I don't know about you but I see these programs on TV all the time. They spend so much money building extravagant houses for people. But who pays for it, and how do they earn that money back?

The short answer is:

The show is funded by the network, in this case ABC. These homes, built in such a quick time, may cost $500-700,000.

That might seem like a lot. Let's compare to some other show budgets:

"Friends" in the later seasons cost $10 Million per episode, as each of the stars were making over $1 Million per episode.

"Frasier" cost $5 Million per episode.

There are many others that cost even more.

Extreme Makeover: Home Edition required no locations other than that of the "winner", no cast other than Ty and crew which was the same every time, no sets, absolutely no special effects to speak, not a single "artistic" lighting scene, or anything.

You pay the cast (none of which were huge celebs), you pay the crew, you build a big house in a week. All in all, you have spent way, WAY less money than a single sitcom episode. reality type shows are super cheap to create relative to scripted TV. You're not paying script writers, big name actors, set designers, renting locations, special effects, etc. The hosts make good money, but not star of sitcom/drama money by a long shot. The participants do it for free. There are not a bunch of locations that require moving truck loads of equipment for a 30 sec scene. So your labor costs are a tiny fraction of scripted TV, and the construction costs are probably less than an actual show that needs sets, on-location set-ups in many places, etc.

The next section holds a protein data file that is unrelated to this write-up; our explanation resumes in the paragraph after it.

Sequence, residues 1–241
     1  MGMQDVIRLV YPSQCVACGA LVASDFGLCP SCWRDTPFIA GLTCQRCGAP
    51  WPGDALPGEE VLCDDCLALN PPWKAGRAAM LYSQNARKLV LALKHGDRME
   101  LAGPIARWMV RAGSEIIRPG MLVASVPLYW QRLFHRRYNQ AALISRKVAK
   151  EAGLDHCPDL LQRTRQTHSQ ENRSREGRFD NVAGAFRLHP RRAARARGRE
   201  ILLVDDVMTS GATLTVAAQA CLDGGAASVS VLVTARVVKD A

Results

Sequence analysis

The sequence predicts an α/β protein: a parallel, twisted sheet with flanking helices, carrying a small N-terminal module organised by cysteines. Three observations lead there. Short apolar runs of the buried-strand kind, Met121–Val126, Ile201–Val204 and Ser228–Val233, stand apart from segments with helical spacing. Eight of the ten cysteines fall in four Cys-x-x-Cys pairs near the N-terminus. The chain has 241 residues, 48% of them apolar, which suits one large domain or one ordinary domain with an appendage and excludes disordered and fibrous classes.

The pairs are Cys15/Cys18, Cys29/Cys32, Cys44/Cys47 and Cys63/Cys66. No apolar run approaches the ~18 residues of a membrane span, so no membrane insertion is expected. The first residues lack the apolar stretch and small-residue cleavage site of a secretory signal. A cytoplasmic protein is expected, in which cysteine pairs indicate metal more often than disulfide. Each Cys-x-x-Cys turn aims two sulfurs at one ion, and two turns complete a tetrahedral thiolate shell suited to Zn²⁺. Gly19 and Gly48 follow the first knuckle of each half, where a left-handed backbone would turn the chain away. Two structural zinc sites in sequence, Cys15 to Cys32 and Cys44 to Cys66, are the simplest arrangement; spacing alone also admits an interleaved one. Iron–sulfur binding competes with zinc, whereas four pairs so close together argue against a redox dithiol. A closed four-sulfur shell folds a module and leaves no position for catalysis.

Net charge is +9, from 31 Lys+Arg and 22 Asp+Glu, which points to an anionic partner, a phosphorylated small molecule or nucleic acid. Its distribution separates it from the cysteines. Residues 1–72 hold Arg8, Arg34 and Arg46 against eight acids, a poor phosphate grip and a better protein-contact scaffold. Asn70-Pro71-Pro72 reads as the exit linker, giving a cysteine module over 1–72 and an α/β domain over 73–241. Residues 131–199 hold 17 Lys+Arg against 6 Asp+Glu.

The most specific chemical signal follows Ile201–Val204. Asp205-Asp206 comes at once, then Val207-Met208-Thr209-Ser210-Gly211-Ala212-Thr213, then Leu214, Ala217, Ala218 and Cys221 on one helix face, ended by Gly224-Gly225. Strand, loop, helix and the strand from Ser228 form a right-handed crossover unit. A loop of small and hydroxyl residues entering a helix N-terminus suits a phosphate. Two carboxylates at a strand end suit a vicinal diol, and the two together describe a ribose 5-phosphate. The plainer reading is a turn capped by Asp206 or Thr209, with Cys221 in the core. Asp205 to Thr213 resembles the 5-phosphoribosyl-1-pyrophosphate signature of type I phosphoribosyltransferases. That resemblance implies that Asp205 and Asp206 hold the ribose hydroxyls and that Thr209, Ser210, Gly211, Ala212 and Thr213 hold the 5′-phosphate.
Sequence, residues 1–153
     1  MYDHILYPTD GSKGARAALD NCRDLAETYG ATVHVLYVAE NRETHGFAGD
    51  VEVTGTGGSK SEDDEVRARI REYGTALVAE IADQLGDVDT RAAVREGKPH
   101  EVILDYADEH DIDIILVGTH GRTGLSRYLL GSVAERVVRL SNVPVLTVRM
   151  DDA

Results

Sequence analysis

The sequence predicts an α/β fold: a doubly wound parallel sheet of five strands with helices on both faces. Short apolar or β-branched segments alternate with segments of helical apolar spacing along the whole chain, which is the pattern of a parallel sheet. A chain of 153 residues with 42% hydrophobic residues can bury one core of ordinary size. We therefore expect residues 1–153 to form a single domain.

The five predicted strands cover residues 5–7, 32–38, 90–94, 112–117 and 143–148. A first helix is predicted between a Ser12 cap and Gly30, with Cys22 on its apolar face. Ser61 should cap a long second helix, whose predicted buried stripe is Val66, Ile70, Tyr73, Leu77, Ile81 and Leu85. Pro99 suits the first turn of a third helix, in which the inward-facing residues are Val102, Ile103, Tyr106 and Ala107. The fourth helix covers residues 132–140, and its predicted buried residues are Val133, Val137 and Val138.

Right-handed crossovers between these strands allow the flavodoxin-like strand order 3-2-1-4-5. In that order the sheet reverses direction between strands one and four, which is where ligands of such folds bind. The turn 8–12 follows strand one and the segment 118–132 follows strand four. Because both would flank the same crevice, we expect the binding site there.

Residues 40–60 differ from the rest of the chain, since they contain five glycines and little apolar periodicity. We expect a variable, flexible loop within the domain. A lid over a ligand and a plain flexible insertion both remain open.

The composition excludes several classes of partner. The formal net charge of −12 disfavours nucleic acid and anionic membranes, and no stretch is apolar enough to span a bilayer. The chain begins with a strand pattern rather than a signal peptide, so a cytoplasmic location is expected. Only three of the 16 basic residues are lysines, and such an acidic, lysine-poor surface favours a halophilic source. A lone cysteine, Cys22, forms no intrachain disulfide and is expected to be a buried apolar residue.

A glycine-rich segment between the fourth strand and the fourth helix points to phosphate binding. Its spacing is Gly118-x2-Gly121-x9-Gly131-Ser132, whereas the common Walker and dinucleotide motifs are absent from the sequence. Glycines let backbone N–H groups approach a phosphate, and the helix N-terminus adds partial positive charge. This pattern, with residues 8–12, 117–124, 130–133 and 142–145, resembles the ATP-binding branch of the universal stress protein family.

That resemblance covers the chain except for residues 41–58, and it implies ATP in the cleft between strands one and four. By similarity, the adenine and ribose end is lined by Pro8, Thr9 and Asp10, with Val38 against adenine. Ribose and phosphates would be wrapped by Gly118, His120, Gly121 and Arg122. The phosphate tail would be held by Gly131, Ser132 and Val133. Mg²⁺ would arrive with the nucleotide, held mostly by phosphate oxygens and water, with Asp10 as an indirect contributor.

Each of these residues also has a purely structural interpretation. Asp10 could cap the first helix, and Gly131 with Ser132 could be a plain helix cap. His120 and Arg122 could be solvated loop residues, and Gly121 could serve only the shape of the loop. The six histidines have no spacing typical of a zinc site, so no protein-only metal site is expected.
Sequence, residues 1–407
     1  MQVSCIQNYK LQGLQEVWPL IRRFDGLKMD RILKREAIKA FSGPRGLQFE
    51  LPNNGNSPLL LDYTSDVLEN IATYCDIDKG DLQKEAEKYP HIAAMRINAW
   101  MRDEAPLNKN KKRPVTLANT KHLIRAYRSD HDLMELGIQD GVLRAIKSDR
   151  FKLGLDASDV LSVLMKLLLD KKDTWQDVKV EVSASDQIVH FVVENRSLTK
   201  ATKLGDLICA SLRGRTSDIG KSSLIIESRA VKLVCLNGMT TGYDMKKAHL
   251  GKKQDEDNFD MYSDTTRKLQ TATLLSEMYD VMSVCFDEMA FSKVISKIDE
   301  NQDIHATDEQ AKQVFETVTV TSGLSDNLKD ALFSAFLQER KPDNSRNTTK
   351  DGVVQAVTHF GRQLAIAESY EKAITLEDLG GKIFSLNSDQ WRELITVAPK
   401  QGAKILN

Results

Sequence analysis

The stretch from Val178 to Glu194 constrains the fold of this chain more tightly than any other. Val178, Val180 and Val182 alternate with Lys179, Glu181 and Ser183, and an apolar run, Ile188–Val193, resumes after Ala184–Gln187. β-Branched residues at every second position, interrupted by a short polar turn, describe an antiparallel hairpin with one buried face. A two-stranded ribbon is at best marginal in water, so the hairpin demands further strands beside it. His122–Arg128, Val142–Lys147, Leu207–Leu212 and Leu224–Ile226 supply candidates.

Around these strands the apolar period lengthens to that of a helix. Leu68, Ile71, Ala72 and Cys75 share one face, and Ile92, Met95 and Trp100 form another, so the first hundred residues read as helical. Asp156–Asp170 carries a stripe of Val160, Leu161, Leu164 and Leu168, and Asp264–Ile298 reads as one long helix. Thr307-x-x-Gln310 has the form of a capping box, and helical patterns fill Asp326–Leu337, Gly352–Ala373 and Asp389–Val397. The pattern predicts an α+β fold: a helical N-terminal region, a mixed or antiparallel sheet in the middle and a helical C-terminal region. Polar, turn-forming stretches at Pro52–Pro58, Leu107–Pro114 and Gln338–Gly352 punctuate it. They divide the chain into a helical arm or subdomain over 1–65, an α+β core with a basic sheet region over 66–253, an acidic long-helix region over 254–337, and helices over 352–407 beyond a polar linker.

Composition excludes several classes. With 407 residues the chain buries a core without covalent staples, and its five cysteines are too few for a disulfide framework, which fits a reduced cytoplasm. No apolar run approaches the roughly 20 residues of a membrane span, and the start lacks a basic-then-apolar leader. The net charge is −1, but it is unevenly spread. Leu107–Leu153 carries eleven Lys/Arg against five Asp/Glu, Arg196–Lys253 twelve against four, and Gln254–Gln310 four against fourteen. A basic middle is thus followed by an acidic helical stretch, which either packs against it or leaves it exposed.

The remodels are partially subsidized by products mentioned or that buy sponsorships. Then the shows have ad time in them that is sold.

So a production company spends $100k on a remodel, $100k on crew & host, $50k on post production. Then they sell the episode for $300k to HGTV, who sells $500k in ads against it (might only be $50k per airing, but they run each episode like 5x a week when new, and run re-runs later on).